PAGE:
US-backed forces on Sunday resumed their assault on ISIS holdouts in their eastern Syrian redoubt.
The jihadists once controlled a huge swath of Syria and Iraq, but they have since lost all that territory except for a riverside stronghold in the village of Baghouz.
The Syrian Democratic Forces (SDF) has slowed down its months-long campaign against ISIS in recent weeks to allow civilians and surrendering jihadists to leave their shrinking enclave.
But the Kurdish-led alliance, which is backed by a US-led coalition’s air strikes, on Sunday said a deadline for surrenders had passed and the assault would resume.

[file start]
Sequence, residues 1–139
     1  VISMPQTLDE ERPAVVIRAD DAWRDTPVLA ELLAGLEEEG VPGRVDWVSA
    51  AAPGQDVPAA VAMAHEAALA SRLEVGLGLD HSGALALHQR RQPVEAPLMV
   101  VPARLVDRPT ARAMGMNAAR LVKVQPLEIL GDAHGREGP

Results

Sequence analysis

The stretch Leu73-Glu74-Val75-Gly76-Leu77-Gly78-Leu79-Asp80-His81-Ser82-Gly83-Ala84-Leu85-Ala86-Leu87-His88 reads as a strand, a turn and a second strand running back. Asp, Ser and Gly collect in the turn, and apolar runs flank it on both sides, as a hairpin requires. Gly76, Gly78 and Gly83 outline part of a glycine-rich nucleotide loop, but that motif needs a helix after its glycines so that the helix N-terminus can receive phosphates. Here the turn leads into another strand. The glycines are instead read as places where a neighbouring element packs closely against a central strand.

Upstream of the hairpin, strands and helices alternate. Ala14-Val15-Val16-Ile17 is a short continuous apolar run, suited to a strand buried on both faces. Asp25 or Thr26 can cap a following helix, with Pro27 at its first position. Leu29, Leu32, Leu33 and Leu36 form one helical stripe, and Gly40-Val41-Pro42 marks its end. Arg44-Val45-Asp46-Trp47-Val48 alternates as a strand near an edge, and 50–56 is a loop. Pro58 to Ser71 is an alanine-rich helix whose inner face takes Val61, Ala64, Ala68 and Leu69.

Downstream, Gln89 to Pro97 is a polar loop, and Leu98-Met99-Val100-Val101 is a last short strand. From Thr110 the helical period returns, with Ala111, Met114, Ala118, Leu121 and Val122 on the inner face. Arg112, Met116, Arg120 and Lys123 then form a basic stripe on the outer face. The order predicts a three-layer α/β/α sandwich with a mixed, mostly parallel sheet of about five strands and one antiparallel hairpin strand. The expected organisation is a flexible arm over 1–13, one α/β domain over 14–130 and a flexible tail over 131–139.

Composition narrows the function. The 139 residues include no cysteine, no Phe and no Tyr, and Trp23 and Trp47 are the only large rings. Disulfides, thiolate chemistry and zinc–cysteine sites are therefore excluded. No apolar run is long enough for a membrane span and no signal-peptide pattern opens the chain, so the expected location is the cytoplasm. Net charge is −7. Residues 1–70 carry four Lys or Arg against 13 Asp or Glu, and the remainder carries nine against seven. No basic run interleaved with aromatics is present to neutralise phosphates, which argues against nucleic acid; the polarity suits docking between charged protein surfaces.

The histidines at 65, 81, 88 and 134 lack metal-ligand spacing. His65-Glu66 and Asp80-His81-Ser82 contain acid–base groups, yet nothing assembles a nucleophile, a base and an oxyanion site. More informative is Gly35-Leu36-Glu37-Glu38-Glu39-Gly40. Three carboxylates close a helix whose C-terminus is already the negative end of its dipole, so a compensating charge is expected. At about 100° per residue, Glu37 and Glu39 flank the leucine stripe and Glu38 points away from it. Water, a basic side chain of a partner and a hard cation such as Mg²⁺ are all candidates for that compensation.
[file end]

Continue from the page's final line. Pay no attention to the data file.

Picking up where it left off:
“We have not seen any movement of civilians inside so the Syrian Democratic Forces have resumed their military operations against the group,” SDF spokesman Adnan Afrin said.
The head of the SDF press office, Mustefa Bali, said air strikes against ISIS positions had resumed, and that fighters on both sides were trading fire.
“The timeline [we gave] ISIS to surrender themselves is over,” he said earlier on Twitter.
“Our forces have received orders for military action to finish off what is left of the terrorists in Baghouz,” a village near the Iraqi border, he said.
Since December, nearly 59,000 people have left the last ISIS redoubt, according to the Syrian Observatory for Human Rights, around a tenth of them suspected jihadists.
– with reporting by Agence France-Presse